At some point in my survey I ask players “I would like the game to include more…” as a Likert scale. That wasn’t good. As you can expect, most of the people wanted more of everything, which is not very useful.

On retrospect, it would have been better to ask players to rank items by preference. The problem with rankings is that it is usually hard to precisely rank a whole table. An alternative would be to pick the top x out of a list.

The only problem here is that survey tools offer limited and clunky (if at all) support for these kind of questions.

Text boxes

These can be at the same time the best and worst feedback you can get.

As mentioned before you should at least include one free feedback text box at the end of your survey. Most of the people won’t answer, but many will and listening to what your players have to say is a must. Here you will find all kind of feedback, from useless to really insightful, from really uplifting to nasty. It can be daunting and time consuming to go through it for large test groups, but it will be definitely worth it.

For the rest, text boxes are hardly filled, and they produce poor answers with the few exceptions mentioned before. Also they are time consuming to process since they can’t be analyse like the rest of answers. One common mistake was to ask questions that can be answered with “yes/no”.

However there is a big exception. In my survey I asked “Did you finish the game”. Then the next was a text box that said “If not, why?”. Almost everyone who answered no, filled in this text box. For me this shows that if you can ask a direct and clear open question to the players, text box can be really useful.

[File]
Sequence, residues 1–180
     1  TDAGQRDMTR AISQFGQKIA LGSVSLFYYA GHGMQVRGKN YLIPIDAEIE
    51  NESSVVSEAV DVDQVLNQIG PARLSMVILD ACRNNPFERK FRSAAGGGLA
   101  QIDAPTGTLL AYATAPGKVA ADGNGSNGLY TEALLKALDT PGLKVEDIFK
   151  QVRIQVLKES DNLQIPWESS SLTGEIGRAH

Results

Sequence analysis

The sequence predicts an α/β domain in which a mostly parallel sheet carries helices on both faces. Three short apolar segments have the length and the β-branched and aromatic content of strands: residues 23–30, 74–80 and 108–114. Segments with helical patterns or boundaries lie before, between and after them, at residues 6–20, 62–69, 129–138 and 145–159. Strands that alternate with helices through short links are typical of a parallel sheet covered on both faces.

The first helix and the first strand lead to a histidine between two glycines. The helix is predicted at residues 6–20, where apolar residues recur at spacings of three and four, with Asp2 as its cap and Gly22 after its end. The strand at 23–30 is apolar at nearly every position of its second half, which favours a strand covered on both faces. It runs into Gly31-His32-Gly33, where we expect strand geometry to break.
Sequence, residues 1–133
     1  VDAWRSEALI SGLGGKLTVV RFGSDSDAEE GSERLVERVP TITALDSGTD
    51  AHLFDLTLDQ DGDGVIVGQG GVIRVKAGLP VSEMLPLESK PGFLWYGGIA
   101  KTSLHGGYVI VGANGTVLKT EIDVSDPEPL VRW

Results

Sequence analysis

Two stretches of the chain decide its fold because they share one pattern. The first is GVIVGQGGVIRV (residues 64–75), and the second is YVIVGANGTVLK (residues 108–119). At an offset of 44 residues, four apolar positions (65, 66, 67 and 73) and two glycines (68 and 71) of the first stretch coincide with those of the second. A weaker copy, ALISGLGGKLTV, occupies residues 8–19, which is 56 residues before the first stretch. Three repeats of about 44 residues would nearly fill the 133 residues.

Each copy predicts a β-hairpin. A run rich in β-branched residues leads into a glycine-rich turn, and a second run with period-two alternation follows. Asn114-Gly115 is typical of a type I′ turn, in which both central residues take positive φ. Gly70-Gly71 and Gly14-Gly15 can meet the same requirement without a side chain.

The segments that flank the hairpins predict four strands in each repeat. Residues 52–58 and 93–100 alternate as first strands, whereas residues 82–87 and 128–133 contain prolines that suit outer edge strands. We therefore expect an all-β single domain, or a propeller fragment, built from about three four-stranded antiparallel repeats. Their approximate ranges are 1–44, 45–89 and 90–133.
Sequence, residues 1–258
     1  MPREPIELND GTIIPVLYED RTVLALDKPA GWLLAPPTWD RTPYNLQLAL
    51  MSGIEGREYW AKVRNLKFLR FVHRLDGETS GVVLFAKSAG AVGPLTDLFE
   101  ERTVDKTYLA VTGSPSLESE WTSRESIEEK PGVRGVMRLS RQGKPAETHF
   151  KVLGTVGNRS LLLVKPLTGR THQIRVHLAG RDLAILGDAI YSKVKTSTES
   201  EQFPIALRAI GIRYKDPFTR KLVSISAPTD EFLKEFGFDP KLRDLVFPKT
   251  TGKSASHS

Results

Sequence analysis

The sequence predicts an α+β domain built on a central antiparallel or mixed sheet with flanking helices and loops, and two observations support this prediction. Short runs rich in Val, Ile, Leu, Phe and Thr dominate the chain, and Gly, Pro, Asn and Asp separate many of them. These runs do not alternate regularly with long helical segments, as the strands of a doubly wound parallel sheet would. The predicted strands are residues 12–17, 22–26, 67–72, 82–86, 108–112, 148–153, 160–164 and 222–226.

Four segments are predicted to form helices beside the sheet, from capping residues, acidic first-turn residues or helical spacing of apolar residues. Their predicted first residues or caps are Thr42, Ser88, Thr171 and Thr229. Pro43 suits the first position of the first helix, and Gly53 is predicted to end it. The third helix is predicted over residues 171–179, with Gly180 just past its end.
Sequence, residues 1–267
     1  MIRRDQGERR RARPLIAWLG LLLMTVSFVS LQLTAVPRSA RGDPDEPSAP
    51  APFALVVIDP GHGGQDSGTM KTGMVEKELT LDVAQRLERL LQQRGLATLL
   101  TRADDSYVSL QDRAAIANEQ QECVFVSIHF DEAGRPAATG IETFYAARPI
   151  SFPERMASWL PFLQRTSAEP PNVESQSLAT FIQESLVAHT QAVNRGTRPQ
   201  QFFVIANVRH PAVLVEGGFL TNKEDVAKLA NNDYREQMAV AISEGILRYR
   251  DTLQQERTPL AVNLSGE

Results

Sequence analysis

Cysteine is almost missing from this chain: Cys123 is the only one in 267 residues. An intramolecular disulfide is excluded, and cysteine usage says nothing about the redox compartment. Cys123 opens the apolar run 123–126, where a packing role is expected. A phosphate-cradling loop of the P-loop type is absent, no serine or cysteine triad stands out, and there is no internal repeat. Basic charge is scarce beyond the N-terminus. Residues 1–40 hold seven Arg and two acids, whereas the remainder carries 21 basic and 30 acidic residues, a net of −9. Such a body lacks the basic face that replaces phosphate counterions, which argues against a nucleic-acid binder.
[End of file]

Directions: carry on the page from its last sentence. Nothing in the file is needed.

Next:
One of the things that I was afraid of is that people filling in the survey were a vocal minority that would give me a distorted vision. However the answers followed a very wide spectrum from people who really liked it to people who really hated it, and a 25% participation rate seems reasonable.

Another concern was that people would lie. Sure, right after I posted the survey, two people had already answered the form. Also I got answers claiming to have completed the game in an impossibly short time. However overall these kind of answers were a very small percentage, and I don’t have any reason to suspect that people would go through the trouble of filling in the survey just to give useless feedback.

One thing that I didn’t anticipate but was to be expected is people filling the form prematurely and repeating. Although I wrote a disclaimer asking people to please fill the survey only after they finished playing, I got a lot of answers saying that they were still playing. This opens the question of whether you should let people change their answers, or submit a new form. For my test I decided that submitted forms as “work in progress” were valuable data, and people could just submit the survey again if they wanted to revisit it.


I enjoyed the experience, I consider it useful and will repeat it if necessary. I would recommend other people to also do it, and in fact I would love to hear from other people's experiences or even help where possible. My takeaway messages about online surveys are:

  • They do not replace traditional playtesting.
  • They can produce useful feedback.
  • They are easy and fast to set up. Depending on your game, they can be very easy to deploy.
  • Be careful about wording, order and focus.
  • “Playtest” your survey. Check each question and ask “what kind of answers would I get from this?”. Make other people look at it and give you their opinion.
  • Don’t modify a survey once it is online, it can mess up the answers.
  • Keep surveys online for a limited time. Then analyse the results.
  • Try to extract information not only from the answers, but from correlation between answers. Some of the most interesting bits are hidden there.

That was a long post. I hope you find it useful.